I first read William Gibson as a teenager in the late 1980s. My father was a librarian and often brought me home books he thought I’d like. One of these was a yellow-jacketed Gollancz hard cover of Neuromancer. The book had a profound influence on me, and I still have a copy that was later withdrawn from the library in my collection (the 1985 second impression).
As usual, Gibson’s keen observation of the present proves uncanny at times. When advance copies of the book began circulating last year, the references to a flashpoint at Qamishli were widely discussed. Now, in the midst of the Coronavirus pandemic, his veiled references to the part their analogs played in the Jackpot feel close to home. I’ve long thought that the concept kleptocracy is simply a more honest reflection of our current reality, one that terms like oligarchy, plutocracy and democracy simply gloss over.
For much of the book, it seems that most of the characters have little of its titular theme, rather they are manipulated by forces outside their control and understanding. The culmination of the book demonstrates that some do indeed have the ability to act and to determine their fate, but it’s clear that most do not and must content themselves to work within the frameworks of others, exercising what little control they are occasionally granted as far as possible.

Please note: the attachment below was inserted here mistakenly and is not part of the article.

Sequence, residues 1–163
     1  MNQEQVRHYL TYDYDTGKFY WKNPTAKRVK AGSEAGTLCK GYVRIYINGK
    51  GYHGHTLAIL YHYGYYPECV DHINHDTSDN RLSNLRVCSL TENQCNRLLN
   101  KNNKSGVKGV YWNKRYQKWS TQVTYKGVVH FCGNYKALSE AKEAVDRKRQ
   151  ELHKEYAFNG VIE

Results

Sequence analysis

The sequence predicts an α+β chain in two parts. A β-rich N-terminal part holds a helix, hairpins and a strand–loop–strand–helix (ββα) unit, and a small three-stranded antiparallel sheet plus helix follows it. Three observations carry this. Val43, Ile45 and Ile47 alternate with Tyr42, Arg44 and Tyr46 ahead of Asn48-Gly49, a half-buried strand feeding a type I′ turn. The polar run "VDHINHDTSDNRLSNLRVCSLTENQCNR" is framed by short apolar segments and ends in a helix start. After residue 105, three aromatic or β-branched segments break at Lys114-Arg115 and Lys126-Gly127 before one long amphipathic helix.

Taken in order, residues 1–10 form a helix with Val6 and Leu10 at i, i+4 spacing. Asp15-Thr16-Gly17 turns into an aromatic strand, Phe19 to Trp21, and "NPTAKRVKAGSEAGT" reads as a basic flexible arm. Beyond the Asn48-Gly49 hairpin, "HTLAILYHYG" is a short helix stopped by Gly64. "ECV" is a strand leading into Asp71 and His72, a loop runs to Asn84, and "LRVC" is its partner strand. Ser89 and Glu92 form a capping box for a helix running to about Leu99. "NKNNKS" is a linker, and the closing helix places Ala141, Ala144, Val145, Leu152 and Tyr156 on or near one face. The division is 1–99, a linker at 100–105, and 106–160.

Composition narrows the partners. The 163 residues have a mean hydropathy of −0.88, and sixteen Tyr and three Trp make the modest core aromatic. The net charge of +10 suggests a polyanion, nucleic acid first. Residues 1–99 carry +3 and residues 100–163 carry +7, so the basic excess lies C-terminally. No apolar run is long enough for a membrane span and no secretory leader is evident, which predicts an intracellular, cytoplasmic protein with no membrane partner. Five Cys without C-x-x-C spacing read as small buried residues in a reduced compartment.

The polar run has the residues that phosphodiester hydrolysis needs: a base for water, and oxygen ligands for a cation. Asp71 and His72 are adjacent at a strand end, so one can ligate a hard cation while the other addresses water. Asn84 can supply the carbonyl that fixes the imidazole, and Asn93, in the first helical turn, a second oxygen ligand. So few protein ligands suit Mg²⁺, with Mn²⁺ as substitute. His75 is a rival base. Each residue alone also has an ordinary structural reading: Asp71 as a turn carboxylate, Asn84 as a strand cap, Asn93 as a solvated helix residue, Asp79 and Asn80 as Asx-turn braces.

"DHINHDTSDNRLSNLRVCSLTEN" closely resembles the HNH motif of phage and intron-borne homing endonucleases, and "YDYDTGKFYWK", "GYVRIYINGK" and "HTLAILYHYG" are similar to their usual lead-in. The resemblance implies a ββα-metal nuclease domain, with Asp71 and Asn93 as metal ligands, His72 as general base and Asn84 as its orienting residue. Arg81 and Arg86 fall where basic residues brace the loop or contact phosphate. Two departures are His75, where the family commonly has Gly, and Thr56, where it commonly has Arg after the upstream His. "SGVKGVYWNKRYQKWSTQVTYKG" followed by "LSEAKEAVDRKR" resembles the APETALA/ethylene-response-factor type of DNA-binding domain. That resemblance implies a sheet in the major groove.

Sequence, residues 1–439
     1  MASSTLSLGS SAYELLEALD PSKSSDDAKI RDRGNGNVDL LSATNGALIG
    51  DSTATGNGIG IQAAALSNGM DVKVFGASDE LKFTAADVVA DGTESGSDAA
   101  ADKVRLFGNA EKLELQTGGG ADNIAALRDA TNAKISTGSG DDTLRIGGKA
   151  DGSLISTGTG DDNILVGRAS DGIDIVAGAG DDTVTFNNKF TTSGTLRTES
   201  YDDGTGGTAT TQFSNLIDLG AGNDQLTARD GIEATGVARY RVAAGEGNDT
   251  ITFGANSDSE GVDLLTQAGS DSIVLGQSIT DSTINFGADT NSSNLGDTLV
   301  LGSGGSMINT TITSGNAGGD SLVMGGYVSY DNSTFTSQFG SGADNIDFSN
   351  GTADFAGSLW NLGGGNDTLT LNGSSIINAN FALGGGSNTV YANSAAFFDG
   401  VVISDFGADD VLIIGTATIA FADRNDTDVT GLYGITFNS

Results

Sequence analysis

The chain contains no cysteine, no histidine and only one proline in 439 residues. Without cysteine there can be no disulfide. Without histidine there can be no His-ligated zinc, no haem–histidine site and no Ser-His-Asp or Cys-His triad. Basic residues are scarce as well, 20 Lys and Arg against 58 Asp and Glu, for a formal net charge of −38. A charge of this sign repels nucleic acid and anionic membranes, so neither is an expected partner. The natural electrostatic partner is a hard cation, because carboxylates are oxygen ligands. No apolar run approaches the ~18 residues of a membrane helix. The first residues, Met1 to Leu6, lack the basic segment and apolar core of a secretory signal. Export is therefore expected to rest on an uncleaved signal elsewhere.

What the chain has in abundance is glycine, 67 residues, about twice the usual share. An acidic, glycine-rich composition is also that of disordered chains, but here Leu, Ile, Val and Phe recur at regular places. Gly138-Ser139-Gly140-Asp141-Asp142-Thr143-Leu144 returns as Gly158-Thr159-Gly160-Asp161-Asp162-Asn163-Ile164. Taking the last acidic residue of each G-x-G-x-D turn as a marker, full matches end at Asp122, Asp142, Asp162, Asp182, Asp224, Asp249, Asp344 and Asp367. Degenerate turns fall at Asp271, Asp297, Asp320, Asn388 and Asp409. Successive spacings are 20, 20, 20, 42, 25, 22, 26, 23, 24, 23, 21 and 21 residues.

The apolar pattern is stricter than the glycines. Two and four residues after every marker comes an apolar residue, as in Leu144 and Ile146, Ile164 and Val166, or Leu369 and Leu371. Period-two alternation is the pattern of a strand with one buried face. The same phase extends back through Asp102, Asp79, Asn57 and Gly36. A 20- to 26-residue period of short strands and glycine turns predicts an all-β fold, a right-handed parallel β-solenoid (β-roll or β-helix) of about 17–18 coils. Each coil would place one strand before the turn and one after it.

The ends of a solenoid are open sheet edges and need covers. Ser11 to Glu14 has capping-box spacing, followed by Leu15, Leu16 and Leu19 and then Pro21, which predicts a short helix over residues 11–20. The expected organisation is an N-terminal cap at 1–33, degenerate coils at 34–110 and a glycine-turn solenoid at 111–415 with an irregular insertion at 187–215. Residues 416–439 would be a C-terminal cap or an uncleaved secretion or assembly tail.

Much could be made of the conceit at the heart of the modern timeline, where Clinton won and Brexit lost, but that would be a mistake. It seems to me that the main lesson is that little would be different in any fundamental way, especially in the longer term, given the momentum of the wider historical forces at play.
Gibson’s style and the short chapters full of detail and texture mean the best way to enjoy this book is to dive in and immerse yourself. This is always my preferred mode for a first reading - soak it up and don’t be too concerned with worrying about the themes or analysis. These notes are based on a reading like this, perhaps I’ll re-read more carefully and amend them in the future.